If I were to tell you that the Giants didn’t take a single shot more than 20 yards down field against the Saints, what would you think? The Saints have one of the league’s worst secondaries, and after the game, Ken Crowley, a cornerback for New Orleans, stated that several deep balls were missed by Manning.

Teams have beaten the gold and white by simply throwing the ball deep and exposing their single high-safety look. The Giants couldn’t even manage to get one pass down field…why? Because they put so much pressure on Manning, which is the recipe for success against the Giants, that they ultimately only needed to play soft zone coverage the entire game to pull off a win.

Head coach Pat Shurmur needs to get more creative with his play calling and stick to the run game. Saquon Barkley had only 10 rushes, but he picked up 44 yards on the ground averaging 4.4 yards per carry. Running the ball on first down gives the offense some breathing room, and we didn’t see much of that in an embarrassing loss to the Saints at home.


Big Ten: The Biggest Winners And Losers From Week Five

The fifth weekend of college football is over, with less upsets this week but still some interesting results. The Big Ten especially had an exciting weekend, with the result of the Ohio State versus Penn State game causing a shakeup in the polls as Ohio State moved into the top three, and Penn State fell out of the top ten entirely and most likely out of the race for the Big Ten East.

Who emerged as the winners, and who emerged as the losers on Saturday?

Winner: Ohio State Buckeyes

There’s a very real chance that Ohio State finishes the regular season undefeated. The toughest opponents on their schedule at this point are Michigan and Michigan State, but it looks like they can run everyone else over easily. Upsets happen, but one shouldn’t just assume that a top three team will be upset because it’s technically in the realm of possibility.

No, it looks like the Buckeyes will either take a loss against one of the Michigan teams, or play for the Big Ten title with an undefeated record. They’re listed here as winners because they just got past the hardest game on their schedule, even if it took some bizarre missed tackles and a similarly ridiculous playcall near the end of the game to let them take the lead. Still, despite the Penn State team collapsing, the Buckeyes earned the win.

Now, they just have to get through the rest of the season with an even bigger target on their back. Can they do it? It would have sounded unlikely at the start of the season, but with the way Dwayne Haskins Jr. is playing in his first season as a starter, it’s not so bold of a prediction anymore.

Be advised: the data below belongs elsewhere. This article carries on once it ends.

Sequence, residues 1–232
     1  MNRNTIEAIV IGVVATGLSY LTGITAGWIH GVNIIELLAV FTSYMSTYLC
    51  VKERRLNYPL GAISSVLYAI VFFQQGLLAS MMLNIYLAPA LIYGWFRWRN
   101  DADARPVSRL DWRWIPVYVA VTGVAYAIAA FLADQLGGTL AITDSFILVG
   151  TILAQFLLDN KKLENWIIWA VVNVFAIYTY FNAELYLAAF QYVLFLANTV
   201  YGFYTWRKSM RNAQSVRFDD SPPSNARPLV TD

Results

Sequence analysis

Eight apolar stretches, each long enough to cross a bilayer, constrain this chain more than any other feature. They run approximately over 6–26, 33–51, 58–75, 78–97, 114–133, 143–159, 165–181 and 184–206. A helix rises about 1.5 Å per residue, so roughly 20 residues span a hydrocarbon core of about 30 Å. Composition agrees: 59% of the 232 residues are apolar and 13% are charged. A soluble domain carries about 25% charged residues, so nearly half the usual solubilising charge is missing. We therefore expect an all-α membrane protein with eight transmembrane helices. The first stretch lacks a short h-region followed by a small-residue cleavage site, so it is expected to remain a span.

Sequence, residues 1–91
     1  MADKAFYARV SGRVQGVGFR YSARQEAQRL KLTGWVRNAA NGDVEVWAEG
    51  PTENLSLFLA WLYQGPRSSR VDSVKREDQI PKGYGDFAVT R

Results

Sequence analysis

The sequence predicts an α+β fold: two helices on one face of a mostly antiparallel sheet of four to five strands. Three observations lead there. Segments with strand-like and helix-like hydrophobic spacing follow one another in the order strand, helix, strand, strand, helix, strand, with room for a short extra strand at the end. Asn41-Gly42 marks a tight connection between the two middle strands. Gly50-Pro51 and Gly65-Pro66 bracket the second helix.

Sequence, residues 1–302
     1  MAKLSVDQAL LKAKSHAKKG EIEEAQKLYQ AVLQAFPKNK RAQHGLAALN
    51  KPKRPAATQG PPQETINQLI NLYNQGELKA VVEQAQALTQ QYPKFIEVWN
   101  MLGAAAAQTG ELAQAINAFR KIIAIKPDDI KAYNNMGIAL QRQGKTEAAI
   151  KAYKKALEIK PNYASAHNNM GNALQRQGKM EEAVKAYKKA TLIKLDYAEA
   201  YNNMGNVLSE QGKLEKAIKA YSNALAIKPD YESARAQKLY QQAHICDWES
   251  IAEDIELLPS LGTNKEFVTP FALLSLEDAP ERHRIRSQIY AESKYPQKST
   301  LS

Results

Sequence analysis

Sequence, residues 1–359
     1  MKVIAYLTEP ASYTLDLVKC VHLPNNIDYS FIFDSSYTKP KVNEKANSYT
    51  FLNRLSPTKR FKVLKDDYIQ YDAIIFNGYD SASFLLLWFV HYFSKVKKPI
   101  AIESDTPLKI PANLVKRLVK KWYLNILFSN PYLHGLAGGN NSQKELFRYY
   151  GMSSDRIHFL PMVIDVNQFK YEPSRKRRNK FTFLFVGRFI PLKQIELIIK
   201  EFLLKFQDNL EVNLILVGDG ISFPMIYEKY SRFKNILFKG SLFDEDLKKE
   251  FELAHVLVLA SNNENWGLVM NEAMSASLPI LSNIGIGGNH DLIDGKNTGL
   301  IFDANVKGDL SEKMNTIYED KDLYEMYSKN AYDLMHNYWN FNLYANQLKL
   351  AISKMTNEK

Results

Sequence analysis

Loser: Scott Frost And Nebraska Fans

This once great program can’t catch a break. Nebraska has started the season with no wins and four losses, the latest one coming at the hands of Purdue. Some predicted that the 0-3 start would make the Huskers come out with something to prove, leading them to a division win against an opponent that has shown up with mixed performances and close losses this season. This game, though, wasn’t as close as the other ones featuring Purdue this season.

The Nebraska defense still isn’t much better. They allowed 42 points, giving Purdue their best offensive performance of the entire season. It’s not the way that Scott Frost wanted things to start off in his first year as Nebraska’s head coach, and it certainly won’t help the Cornhuskers in recruiting. It doesn’t matter that this is a rebuilding year and that the team wasn’t expected to win.

While they weren’t expected to be good, an 0-4 start is worse than anyone but the most pessimistic of fans imagined. It’s going to severely hurt the confidence in head coach Scott Frost, and while he’s still supported by the fans for now, none of the hype that existed before the season is still there. The hype is what went away first. How long will it be before the locker room is lost, or the rest of the confidence held by the fans?

The answers to those questions depend on when Nebraska picks up win number one.

Loser: Good Playcalling

Penn State called an interesting play on their last possession of the game against Ohio State, which ended with a turnover own downs. To call the play interesting, however, is really sugarcoating it. Let’s tell it like it is. It was a bizarre call, and it helped the Buckeyes win the game. In the end, it came down to one play to continue the drive with a chance to win the game by kicking a field goal.

And instead of going for literally any other option, the staff called a play to send Miles Sanders right up the middle, where he would be stopped far short of the first down marker. The same Miles Sanders that had less than 50 yards for the entire game.

“We knew they were going to make their linebackers jump when we moved Miles, and they weren’t going to be set in position, and it was going to give us a chance to get a hole up the middle and crease them,” said Trace McSorley, in an attempt to explain the thought process behind the play. “We weren’t able to pick up a twist, and a guy got in the backfield and made a play.”

Look on any fan forum of choice, and you can find plenty of confusion about this playcall not just from Penn State fans, but from fans around the country. That’s why this is the second thing in the loser’s section. It’s fitting because in this case, it might have lost Penn State the game.